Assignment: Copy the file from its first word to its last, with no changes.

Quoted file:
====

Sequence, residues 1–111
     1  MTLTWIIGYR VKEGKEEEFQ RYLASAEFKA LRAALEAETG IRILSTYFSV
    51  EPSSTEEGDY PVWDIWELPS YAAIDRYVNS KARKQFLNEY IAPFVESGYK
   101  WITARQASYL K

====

Sequence, residues 1–111
     1  MTLTWIIGYR VKEGKEEEFQ RYLASAEFKA LRAALEAETG IRILSTYFSV
    51  EPSSTEEGDY PVWDIWELPS YAAIDRYVNS KARKQFLNEY IAPFVESGYK
   101  WITARQASYL K